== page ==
He said also to the man who had invited him, “When you give a dinner or a banquet, do not invite your friends or your brothers or your relatives or rich neighbors, lest they also invite you in return and you be repaid. But when you give a feast, invite the poor, the crippled, the lame, the blind, and you will be blessed, because they cannot repay you. For you will be repaid at the resurrection of the just.”

When one of those who reclined at table with him heard these things, he said to him, “Blessed is everyone who will eat bread in the kingdom of God!” But he said to him, “A man once gave a great banquet and invited many. And at the time for the banquet he sent his servant to say to those who had been invited, ‘Come, for everything is now ready.’ But they all alike began to make excuses. The first said to him, ‘I have bought a field, and I must go out and see it. Please have me excused.’ And another said, ‘I have bought five yoke of oxen, and I go to examine them. Please have me excused.’ And another said, ‘I have married a wife, and therefore I cannot come.’ So the servant came and reported these things to his master. Then the master of the house became angry and said to his servant, ‘Go out quickly to the streets and lanes of the city, and bring in the poor and crippled and blind and lame.’ And the servant said, ‘Sir, what you commanded has been done, and still there is room.’ And the master said to the servant, ‘Go out to the highways and hedges and compel people to come in, that my house may be filled. For I tell you, none of those men who were invited shall taste my banquet.’”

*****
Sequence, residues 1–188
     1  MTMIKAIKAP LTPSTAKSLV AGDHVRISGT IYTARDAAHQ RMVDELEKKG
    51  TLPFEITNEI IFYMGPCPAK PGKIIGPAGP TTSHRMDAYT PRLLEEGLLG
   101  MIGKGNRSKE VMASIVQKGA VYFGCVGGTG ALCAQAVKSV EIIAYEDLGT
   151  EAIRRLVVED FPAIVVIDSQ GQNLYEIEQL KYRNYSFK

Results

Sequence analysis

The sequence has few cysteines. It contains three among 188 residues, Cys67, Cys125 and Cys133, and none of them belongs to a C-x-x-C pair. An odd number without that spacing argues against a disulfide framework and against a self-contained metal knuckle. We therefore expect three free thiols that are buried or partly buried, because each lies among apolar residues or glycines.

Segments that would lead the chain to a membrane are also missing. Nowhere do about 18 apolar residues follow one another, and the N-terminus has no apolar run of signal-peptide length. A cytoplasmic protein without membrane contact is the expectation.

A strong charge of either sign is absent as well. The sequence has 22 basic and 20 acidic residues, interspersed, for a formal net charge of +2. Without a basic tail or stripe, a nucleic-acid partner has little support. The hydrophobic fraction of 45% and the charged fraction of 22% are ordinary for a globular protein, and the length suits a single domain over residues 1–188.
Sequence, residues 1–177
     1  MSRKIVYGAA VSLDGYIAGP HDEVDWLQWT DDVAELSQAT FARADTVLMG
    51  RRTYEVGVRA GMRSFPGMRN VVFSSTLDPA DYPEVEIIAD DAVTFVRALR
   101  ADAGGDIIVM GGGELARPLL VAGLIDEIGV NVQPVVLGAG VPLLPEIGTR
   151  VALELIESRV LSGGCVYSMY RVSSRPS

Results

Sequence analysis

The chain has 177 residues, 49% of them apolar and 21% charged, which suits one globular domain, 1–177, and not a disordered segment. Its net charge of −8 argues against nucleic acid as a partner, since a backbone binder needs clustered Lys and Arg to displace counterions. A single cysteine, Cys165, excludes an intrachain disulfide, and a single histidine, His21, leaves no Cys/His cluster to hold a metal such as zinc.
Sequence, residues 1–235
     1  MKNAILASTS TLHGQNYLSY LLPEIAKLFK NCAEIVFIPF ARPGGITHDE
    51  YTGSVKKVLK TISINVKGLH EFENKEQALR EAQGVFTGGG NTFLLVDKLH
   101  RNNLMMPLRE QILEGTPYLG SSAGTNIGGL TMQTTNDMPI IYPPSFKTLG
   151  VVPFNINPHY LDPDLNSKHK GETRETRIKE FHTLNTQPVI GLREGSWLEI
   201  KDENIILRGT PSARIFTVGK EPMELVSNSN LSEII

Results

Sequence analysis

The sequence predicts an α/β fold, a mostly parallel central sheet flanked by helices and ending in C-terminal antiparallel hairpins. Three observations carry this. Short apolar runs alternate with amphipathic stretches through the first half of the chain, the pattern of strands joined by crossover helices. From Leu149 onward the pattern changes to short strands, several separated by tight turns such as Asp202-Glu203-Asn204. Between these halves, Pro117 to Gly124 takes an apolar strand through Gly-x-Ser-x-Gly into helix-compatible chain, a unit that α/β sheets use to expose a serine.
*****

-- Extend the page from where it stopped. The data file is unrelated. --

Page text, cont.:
Luke 14:12-24 (ESV)

At our local Reform/Conservative synagogue in years gone by, they had an annual event called Feast of Torah which, as you can see if you click the link, is a multi-day affair combining food, social gathering, art, and study.

I’m rather taken by the picture of sitting at God’s table; at His banquet, feeding off of His teachings, joining with the other hungry students, consuming the Word, and drinking in wisdom. Of course, that’s all rather poetic and, as I’ve said before, the reality of a life of faith is that it can be rather punishing and even diminishing.